1: Number Sense, Properties, and Operations

1.1: Make both relative (multiplicative) and absolute (arithmetic) comparisons between quantities. Multiplicative thinking underlies proportional reasoning

1.1: Proportional reasoning involves comparisons and multiplicative relationships among ratios

1.1.a: Students can: Analyze proportional relationships and use them to solve real-world and mathematical problems.

1.1.b: Students can: Compute unit rates associated with ratios of fractions, including ratios of lengths, areas and other quantities measured in like or different units.

1.1.c: Students can: Identify and represent proportional relationships between quantities.

1.1.c.i: Determine whether two quantities are in a proportional relationship.

1.1.c.ii: Identify the constant of proportionality (unit rate) in tables, graphs, equations, diagrams, and verbal descriptions of proportional relationships.

1.1.c.iii: Represent proportional relationships by equations.

1.1.c.iv: Explain what a point (x, y) on the graph of a proportional relationship means in terms of the situation, with special attention to the points (0, 0) and (1, r) where r is the unit rate.

1.1.d: Students can: Use proportional relationships to solve multistep ratio and percent problems.

1.1.d.i: Estimate and compute unit cost of consumables (to include unit conversions if necessary) sold in quantity to make purchase decisions based on cost and practicality.

1.1.d.ii: Solve problems involving percent of a number, discounts, taxes, simple interest, percent increase, and percent decrease.

1.2: Are fluent with basic numerical and symbolic facts and algorithms, and are able to select and use appropriate (mental math, paper and pencil, and technology) methods based on an understanding of their efficiency, precision, and transparency

1.2: Formulate, represent, and use algorithms with rational numbers flexibly, accurately, and efficiently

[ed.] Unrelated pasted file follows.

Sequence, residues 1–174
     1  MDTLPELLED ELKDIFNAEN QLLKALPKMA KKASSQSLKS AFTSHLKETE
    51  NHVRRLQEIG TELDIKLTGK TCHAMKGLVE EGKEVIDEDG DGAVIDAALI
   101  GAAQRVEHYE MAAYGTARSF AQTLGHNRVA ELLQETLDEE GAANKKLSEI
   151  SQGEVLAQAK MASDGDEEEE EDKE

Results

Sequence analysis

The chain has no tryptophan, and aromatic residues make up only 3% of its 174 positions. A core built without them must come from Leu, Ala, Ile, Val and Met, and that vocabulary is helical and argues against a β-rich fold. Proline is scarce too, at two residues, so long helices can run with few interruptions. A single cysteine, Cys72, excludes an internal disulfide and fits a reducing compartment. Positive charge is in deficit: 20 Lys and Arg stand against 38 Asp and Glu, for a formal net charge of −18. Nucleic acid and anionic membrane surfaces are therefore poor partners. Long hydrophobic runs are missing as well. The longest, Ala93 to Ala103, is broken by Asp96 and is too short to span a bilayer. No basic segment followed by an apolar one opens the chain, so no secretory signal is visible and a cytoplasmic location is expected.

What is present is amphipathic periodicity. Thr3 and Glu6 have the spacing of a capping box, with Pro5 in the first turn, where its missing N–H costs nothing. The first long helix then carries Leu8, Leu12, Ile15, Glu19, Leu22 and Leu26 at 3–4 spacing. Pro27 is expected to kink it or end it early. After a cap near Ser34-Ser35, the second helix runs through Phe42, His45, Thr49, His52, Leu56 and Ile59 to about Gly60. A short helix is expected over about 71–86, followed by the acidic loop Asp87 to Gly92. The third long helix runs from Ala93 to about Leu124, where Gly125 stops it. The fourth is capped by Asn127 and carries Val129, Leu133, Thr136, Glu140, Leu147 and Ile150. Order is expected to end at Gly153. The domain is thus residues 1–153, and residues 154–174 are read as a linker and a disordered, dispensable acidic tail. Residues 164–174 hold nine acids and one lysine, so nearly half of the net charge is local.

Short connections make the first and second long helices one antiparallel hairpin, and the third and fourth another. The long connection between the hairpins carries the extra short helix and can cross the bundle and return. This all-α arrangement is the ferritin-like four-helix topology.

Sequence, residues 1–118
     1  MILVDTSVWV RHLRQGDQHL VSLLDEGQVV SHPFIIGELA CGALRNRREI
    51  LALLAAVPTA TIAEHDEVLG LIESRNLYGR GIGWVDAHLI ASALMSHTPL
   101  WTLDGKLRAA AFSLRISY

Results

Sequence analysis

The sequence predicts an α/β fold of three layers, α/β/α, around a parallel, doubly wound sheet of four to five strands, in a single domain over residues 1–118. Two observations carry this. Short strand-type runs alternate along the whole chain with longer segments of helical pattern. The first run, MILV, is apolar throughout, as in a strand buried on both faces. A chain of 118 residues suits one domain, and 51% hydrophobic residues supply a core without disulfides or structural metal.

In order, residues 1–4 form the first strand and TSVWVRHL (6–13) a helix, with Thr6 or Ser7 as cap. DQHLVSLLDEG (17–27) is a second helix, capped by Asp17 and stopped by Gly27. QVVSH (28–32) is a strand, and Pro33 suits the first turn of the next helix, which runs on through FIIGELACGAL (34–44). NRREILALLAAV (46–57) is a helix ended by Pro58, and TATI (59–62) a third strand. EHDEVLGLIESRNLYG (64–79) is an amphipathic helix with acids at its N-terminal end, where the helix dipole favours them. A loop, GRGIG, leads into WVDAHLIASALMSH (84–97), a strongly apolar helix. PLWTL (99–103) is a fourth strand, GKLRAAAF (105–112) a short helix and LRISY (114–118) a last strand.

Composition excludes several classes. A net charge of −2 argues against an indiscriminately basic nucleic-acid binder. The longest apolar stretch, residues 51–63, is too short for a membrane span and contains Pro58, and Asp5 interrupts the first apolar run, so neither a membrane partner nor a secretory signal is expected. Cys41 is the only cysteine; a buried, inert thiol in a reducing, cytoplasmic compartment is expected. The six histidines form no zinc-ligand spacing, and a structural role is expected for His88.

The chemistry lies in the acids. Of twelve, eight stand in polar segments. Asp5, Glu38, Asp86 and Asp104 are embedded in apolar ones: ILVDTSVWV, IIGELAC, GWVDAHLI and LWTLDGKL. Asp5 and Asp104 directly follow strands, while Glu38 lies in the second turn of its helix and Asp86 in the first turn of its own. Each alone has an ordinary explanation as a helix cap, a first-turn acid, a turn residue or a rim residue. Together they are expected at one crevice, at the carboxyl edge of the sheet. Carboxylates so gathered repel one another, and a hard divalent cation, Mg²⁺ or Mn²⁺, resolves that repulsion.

1.2.a: Students can: Apply understandings of addition and subtraction to add and subtract rational numbers including integers.

1.2.a.i: Represent addition and subtraction on a horizontal or vertical number line diagram.

1.2.a.ii: Describe situations in which opposite quantities combine to make 0.

1.2.a.iii: Demonstrate p + q as the number located a distance |q| from p, in the positive or negative direction depending on whether q is positive or negative.

1.2.a.iv: Show that a number and its opposite have a sum of 0 (are additive inverses).

1.2.a.v: Interpret sums of rational numbers by describing real-world contexts.

1.2.a.vi: Demonstrate subtraction of rational numbers as adding the additive inverse, p – q = p + (–q).

1.2.a.vii: Show that the distance between two rational numbers on the number line is the absolute value of their difference, and apply this principle in real-world contexts.

1.2.a.viii: Apply properties of operations as strategies to add and subtract rational numbers.

1.2.b: Students can: Apply and extend previous understandings of multiplication and division and of fractions to multiply and divide rational numbers including integers.

1.2.b.i: Apply properties of operations to multiplication of rational numbers.

1.2.b.ii: Interpret products of rational numbers by describing real-world contexts.

1.2.b.iii: Apply properties of operations to divide integers.

1.2.b.iv: Apply properties of operations as strategies to multiply and divide rational numbers.

1.2.b.v: Convert a rational number to a decimal using long division.

1.2.b.vi: Show that the decimal form of a rational number terminates in 0s or eventually repeats.

1.2.c: Students can: Solve real-world and mathematical problems involving the four operations with rational numbers.

2: Patterns, Functions, and Algebraic Structures

2.1: Understand that equivalence is a foundation of mathematics represented in numbers, shapes, measures, expressions, and equations

2.1: Properties of arithmetic can be used to generate equivalent expressions

2.1.a: Students can: Use properties of operations to generate equivalent expressions.

2.1.a.i: Apply properties of operations as strategies to add, subtract, factor, and expand linear expressions with rational coefficients.

2.1.a.ii: Demonstrate that rewriting an expression in different forms in a problem context can shed light on the problem and how the quantities in it are related.

2.2: Use critical thinking to recognize problematic aspects of situations, create mathematical models, and present and defend solutions

2.2: Equations and expressions model quantitative relationships and phenomena

2.2.a: Students can: Solve multi-step real-life and mathematical problems posed with positive and negative rational numbers in any form, using tools strategically.

2.2.b: Students can: Apply properties of operations to calculate with numbers in any form, convert between forms as appropriate, and assess the reasonableness of answers using mental computation and estimation strategies.

2.2.c: Students can: Use variables to represent quantities in a real-world or mathematical problem, and construct simple equations and inequalities to solve problems by reasoning about the quantities.

2.2.c.i: Fluently solve word problems leading to equations of the form px + q = r and p(x + q) = r, where p, q, and r are specific rational numbers.